Telluride Adaptive hosted its first Summer Wounded Warrior Project: Project Odyssey this last week in the rugged desert outside of Moab.  From canyoneering to moonlit hikes and group therapy sessions throughout, warriors were able to rediscover themselves, the outdoors, and fellow service members.

WWP’s Project Odyssey is geared towards utilizing nature and recreation to heal the spirit of our wounded servicemen and women.  As this mission so closely parallels Telluride Adaptive’s military initiatives, a partnership was quickly struck and the stage for the first TASP Project Odyssey was set at Dead Horse State Park in the unrivaled Utah desert.

The warriors arrived to find their lodging in the form of three newly built yurts set amongst the red sand and dramatic cliffs of the state park.  After a meet and greet and initial group session, the warriors jumped straight into their first activity: a sunset hike to one of the many remarkable viewpoints along the canyon rim.  With clouds ablaze and cliffs sporting alpenglow, warriors alternated between excited photos with new friends and silent contemplation of the expansive desert set before them.

If anything could beat the sunset of the night before, it was the sunrise of the next morning, and after a French toast breakfast, the warriors were fueled up and excited for the days bike ride.  Sporting some of Poison Spider’s most high end bikes, the crew rode off in style along the network of flowing desert trail marked with technical spots of slickrock and boulders.  For some the experience of mountain biking was brand new and for others the desert posed a welcome change-up to a loved sport; all rose to the challenge and reveled in the adventure.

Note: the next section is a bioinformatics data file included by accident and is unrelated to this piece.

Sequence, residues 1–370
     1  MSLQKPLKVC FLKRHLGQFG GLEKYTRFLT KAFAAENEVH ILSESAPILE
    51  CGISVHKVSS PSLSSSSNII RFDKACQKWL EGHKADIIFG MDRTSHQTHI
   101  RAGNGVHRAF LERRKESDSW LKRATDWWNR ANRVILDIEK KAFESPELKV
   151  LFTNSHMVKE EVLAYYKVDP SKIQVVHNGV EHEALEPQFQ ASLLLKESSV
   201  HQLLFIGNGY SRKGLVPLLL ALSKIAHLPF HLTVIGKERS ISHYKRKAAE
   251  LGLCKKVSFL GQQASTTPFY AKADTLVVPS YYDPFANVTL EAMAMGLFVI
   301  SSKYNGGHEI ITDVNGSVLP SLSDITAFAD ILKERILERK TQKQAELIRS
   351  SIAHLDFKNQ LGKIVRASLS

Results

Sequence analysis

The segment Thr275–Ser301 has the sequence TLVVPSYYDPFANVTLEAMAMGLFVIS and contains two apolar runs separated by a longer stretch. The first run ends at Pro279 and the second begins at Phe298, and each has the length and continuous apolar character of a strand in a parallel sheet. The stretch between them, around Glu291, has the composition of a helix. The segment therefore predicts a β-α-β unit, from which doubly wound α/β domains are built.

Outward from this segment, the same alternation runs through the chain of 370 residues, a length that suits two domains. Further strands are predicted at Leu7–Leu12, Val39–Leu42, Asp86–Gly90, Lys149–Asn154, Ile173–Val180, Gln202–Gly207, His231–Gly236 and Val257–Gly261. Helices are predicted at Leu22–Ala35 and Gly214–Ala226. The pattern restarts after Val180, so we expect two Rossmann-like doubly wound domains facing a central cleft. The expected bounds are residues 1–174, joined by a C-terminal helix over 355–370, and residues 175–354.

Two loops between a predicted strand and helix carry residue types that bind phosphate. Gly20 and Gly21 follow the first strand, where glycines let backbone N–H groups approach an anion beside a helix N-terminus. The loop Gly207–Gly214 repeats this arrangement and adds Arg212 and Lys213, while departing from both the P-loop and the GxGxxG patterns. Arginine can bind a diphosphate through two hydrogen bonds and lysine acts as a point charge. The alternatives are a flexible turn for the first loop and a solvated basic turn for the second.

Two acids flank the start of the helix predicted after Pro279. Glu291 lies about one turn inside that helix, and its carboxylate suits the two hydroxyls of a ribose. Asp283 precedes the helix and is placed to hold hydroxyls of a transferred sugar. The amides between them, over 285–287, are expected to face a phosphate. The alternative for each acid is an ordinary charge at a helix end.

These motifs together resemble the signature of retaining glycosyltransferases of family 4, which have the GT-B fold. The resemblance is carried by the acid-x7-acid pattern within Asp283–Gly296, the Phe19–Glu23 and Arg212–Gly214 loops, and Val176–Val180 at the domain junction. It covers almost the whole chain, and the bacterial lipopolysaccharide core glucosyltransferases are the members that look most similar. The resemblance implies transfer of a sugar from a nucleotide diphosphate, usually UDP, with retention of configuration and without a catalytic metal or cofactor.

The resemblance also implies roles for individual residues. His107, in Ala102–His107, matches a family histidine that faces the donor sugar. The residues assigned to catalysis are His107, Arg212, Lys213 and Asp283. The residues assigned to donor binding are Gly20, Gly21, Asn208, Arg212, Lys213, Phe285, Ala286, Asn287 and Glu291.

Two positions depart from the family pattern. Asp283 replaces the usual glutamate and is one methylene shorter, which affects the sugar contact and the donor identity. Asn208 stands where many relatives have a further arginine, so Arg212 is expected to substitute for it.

Part of the bike crew at a vista point at Dead Horse State Park

Part of the bike crew at a vista point at Dead Horse State Park


Starting the day the right way with Blue Grouse French Toast


The adventure and challenge only grew into the next day as the group spent the day canyoneering.  A hike throughout a world of undulating slickrock and washed out gullies led to the mouth of the first rappel: a narrow and enclosed waterfall wash leading to a ledge with pooled water and the sandy bottom of a narrow canyon below it.  Nerves were certainly firing as some warriors tried to remember training and previous rappelling experiences while others focused in on their breathing and just not looking down the intimidating pit.  Regardless of skill or anxiety level, each warrior made it down and stayed to encourage and applaud the others.

Processed with Snapseed.

Entrance to the first rappel

Processed with Snapseed.

A short walk farther, and the second rappel loomed in front of the group.  This was certainly a capstone moment as the rappel plunged over 100 feet down a slick red wall with an arch towering above the climber.  Just to add a little excitement, the wall soon disappeared, and the climber was left hanging from the rope with nothing but air to comfort them.  Bolstered by the group and their previous successes, each warrior completed the rappel and reveled in the incredible scenery and great accomplishments of the day.

The campfire that final night saw everyone sharing in their achievements and setting goals for themselves as they returned back to normal life. A great sense of comradery and shared experience was abundant and TASP is excited and hopeful to see some familiar faces from this program come and visit during the winter.